The Talon exterior. Instead of going inside, we're on the street, where Pete and Clark are walking. Clark is telling Pete that the images he saw must be from the past. Pete tells Clark to lay off the late-night television. (Does he mean monster movies? Because that reference is about a decade out of date, at least.) Clark says he's serious. Three thuggish teens (one of them is wearing what almost looks like a Dallas Cowboys jersey) push their way past Clark and Pete. Clark lays his hand on a mailbox to rest (oh, this explaining to Pete is exhausting), and we get a bright white flash.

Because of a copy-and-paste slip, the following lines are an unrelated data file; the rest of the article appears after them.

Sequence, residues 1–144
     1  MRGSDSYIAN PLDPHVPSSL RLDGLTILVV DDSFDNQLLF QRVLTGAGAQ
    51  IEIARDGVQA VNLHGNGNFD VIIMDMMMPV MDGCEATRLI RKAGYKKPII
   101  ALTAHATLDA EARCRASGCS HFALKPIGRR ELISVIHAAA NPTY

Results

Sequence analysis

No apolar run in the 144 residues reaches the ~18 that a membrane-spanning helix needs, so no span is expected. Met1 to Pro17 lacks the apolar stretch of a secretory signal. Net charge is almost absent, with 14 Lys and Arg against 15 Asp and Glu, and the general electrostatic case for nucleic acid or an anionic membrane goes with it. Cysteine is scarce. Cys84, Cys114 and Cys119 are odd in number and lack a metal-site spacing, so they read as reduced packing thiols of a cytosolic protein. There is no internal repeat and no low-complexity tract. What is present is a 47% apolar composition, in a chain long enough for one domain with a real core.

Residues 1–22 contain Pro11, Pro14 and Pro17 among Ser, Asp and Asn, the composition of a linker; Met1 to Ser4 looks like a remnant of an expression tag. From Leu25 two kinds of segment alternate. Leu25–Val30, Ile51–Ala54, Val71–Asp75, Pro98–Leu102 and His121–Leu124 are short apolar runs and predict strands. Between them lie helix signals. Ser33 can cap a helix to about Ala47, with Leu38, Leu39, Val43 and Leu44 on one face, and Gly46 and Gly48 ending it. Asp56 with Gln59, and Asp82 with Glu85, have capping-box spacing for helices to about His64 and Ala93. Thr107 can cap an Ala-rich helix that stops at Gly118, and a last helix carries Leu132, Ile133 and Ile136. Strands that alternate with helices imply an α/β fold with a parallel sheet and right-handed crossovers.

It's 1961. Wow, I didn't know they had letterbox format back then. A dude who looks like Clark (and also disturbingly like Joey Tribbiani) is chillin' by the U.S. Mail. Boppy '50s music is playing. The cars are old. A "Founder's Day Festival 1961" banner hangs in the background above the town's main street. The camera pulls back to show the downtown scene. People in suits, cars of vintage ilk, and The Talon are on the other side of the street. Clark walks by Fordman's hardware store. He looks over at the Talon Marquee, where Splendor In The Grass is playing. A young woman in green (Lana's look-alike Louise) is strolling on the sidewalk reading a Hollywood magazine with Elizabeth Taylor's face on the cover. She's got white Disney-character gloves on. A man comes up to her and tells her to "give it over." The magazine? Louise struggles, but is pushed down. The man goes after her purse. Across the street, sideburned 1961 Clark sees what's happening. He superspeeds over, and casually tosses the would-be robber against a street post. Ow. A police car parks right where the robber is lying, its siren dying down. Clark Tribbiani puts an arm around Louise and helps her up. A cop handles the robber as Louise says, "My hero." Clark 1961 says that Louise doesn't strike him as the kind of person who needs saving. She looks like someone who needs a full-time makeup artist and dresser, but not a savior. Louise thanks him, as Clark 1961 picks up her purse. Tinkly music plays. Clark 1961 hands over her purse and her magazine. Oh, so that's whom she's modeled after. She tells him she's Louise. "You can call me Joe," says Clark 1961. Joe Tribbiani! She says that Tribbiani is the most excitement they've had all year. The cop comes over and says that they owe this leather-jacketed stranger their gratitude. He introduces himself as Sheriff Billy Tate. The cop says that Joe's got some good reflexes there. Joe says he was surprised by them, too. The cop hasn't seen Joe around before. Joe says he's passing through town on his way home. "Lucky you," Louise says. Sheriff Tate tells Joe that Louise always has stars in her eyes. That's because they've very far away and gaseous. Joe and Louise share moony looks. A car pulls up. It's driven by the young, nerdy husband. "Louise?" he warbles. She rolls her eyes like it's the most embarrassing thing in the world. Well, I guess I can hate the 1961 version of Lana now, as well. The cop tells Louise to go on home, because her husband hates to miss his bridge game. Yeah, why not make her husband a wuss and a bridge player? The guy can't catch a break. The cop says he'll take Louise's statement later. Louise tells Joe Tribbiani that she'll see him around. Before she gets in her husband's car, Louise looks back and gives Joe a look that even people in the next county noticed. The cop, no dummy, catches it as well. "I appreciate your help," the Sheriff says, putting his hand on Joe's shoulder. We flash back to the present.